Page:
clarifying who is eligible for military conscription, which will be effective  from August. It wasn’t a call to order, but it was a military directive at a time of heightened tensions.

While experts say there isn’t likely to be out-and-out war this time around, most say more clashes are almost certainly on the horizon. Last week, Dung called Vietnamese sovereignty in the area “incontestable,” while “Beijing has adopted the attitude of a wearily vexed but patient patron,” said Gavin Greenwood, an analyst at the Hong Kong-based security firm Allan and Associates. “[China has long signalled that its] claim to the South China Sea is … non-negotiable,” Greenwood added.

Vietnam authorities permit protests

For a couple weeks now, uncharacteristic protests have erupted outside the Chinese embassy in Hanoi, and its consulate in Ho Chi Minh City. Public displays of dissent are rare in Vietnam. When they do happen, they generally concern issues that directly affect everyday life, like land grabs or   factory conditions.

Police reportedly outnumbered protesters at these recent marches, but the fact that authorities allowed them to occur at all is notable. Previously, they have cracked down — perhaps most notably in 2007. “Clearly, the authorities had the capability of ensuring the anti-China demonstration did not even begin, but chose to permit it — either to allow
public opinion to be ‘vented’ or as a signal to Beijing that the dispute had crossed an important line,” said Greenwood.

China and Vietnam have a contentious history. Northern Vietnam was occupied by the Chinese for more than 1,000 years, and anti-Chinese sentiment can run high there. Outwardly, however, the two nations mostly make a show of friendship.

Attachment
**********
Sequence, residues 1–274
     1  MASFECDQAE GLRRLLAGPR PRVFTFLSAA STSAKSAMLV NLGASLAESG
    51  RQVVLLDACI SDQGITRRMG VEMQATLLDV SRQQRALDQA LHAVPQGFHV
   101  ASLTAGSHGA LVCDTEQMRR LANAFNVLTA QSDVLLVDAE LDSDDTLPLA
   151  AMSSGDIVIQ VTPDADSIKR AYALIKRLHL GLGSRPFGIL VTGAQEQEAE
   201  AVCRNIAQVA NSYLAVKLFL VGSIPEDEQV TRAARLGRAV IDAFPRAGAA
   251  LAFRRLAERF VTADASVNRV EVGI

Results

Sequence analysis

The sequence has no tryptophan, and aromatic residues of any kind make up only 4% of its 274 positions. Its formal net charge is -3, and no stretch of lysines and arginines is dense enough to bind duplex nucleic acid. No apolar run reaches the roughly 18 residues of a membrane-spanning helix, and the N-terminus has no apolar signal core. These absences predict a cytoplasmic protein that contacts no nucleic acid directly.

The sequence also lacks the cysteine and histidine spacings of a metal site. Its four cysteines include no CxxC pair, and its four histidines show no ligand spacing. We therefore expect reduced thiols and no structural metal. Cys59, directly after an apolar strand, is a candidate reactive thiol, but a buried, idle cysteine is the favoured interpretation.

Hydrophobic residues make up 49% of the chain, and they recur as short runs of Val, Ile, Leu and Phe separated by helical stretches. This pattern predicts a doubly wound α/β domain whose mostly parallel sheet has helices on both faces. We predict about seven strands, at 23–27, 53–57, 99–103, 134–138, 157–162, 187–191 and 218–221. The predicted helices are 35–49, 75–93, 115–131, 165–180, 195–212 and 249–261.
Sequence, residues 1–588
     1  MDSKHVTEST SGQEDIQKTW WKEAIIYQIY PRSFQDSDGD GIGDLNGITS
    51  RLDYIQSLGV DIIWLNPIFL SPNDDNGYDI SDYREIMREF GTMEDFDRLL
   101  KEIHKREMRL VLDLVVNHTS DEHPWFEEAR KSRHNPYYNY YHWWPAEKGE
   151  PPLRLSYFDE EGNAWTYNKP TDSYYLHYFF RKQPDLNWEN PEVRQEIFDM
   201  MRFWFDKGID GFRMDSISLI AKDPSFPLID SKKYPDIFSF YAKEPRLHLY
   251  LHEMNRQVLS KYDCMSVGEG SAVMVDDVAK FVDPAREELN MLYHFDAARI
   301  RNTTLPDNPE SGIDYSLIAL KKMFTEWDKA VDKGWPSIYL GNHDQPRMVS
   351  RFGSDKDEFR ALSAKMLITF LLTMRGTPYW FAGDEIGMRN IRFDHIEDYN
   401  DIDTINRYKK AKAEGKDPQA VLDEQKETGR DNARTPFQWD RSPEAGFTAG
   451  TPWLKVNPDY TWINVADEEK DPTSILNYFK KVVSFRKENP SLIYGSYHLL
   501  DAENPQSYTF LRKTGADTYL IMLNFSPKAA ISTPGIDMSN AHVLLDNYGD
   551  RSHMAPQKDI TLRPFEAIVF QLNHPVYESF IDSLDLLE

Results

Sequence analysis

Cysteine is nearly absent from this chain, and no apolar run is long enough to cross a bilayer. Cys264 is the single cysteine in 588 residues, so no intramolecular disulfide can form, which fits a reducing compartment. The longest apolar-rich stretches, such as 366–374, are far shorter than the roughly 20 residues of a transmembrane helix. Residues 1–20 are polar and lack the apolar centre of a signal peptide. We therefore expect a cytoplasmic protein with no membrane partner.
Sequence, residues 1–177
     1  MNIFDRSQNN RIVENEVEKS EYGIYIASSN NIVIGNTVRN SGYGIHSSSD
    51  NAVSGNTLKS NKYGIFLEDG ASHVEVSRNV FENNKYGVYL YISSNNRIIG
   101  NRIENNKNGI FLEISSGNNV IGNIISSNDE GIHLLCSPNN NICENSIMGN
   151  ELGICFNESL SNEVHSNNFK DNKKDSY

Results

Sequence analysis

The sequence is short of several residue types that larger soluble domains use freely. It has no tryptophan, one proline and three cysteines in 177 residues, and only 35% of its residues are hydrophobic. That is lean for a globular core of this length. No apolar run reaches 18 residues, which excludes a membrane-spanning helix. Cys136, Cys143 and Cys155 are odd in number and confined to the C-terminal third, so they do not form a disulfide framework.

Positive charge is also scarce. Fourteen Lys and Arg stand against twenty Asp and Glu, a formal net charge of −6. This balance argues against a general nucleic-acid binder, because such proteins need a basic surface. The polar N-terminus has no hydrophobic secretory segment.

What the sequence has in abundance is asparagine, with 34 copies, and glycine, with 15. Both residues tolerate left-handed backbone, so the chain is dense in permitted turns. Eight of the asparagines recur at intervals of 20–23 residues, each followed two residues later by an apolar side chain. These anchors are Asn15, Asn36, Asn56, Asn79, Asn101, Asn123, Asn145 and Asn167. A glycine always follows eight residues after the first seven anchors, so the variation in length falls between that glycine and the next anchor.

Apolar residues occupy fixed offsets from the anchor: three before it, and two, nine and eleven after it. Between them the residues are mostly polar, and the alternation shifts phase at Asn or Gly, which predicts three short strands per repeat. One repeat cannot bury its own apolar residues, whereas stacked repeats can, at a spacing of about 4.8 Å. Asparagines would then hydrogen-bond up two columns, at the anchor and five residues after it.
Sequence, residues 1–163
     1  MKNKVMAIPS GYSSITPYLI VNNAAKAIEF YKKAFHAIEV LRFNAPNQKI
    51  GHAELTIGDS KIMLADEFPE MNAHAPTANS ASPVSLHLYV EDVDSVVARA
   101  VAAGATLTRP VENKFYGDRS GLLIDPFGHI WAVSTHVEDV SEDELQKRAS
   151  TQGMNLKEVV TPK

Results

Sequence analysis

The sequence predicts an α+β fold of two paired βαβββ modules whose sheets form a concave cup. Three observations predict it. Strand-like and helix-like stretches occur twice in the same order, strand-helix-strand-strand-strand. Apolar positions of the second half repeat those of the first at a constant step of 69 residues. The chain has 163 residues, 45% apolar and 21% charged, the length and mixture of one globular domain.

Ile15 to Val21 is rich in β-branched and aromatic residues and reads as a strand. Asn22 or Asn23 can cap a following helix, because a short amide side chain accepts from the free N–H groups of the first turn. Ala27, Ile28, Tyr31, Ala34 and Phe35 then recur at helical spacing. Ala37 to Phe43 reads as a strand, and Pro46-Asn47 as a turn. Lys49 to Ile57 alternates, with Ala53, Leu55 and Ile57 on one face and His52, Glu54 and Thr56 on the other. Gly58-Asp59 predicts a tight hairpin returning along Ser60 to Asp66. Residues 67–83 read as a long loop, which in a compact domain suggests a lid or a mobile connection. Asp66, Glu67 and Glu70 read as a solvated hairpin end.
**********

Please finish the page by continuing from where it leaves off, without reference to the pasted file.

Nguyen Thi Hoa, a 60-year-old Hanoi resident, said she has been following the latest spat closely. “I don’t understand why China wants to do this,” she said, speaking from Hoan Kiem Lake in Hanoi’s city center, a few hours after the protests on Sunday morning. “This is our land, our house, our nation. China cannot invade. It’s very  clear. But the Chinese cannot accept they are wrong!”

How likely are future clashes?

Experts don’t think another war is imminent, but many in Vietnam would not like to see their government back down either. Future clashes may be inevitable.

Vietnam expert Carl Thayer, a professor in Canberra, told GlobalPost that “both China and Vietnam are heading for a collision course if they do not stop upping the ante in response to each other.”

The sentiment was echoed by Greenwood, who said, “A minor incident between the two countries naval or coastguard units that ended the present period of mounting tension may be inevitable as neither side can readily back away from their present positions.” Last year in July the United States said that that resolving the ongoing issue was in the United States’ “national interest.”

Foreign ministry spokeswoman Nguyen Phuong Nga said that Vietnam welcomes international efforts in the sea dispute. “Every effort by the international community in maintaining peace and stability in the East Sea is welcome,” she wrote on her official website.

Many have taken Nga’s comments as a call for United States help, but at least one expert says that won’t happen anytime soon.“The U.S. has a national interest to see that U.S.-owned ships and those of its allies and friends and ships that carry cargo to and from the United States are not molested,” Thayer said. “But the U.S. will not take sides in territorial disputes.

The USA took a whipping the last time they went to Vietnam, what do you think would happen this time? The USA is broke and they owe too much money to China. I think they will make a deal and stay out of any border conflicts.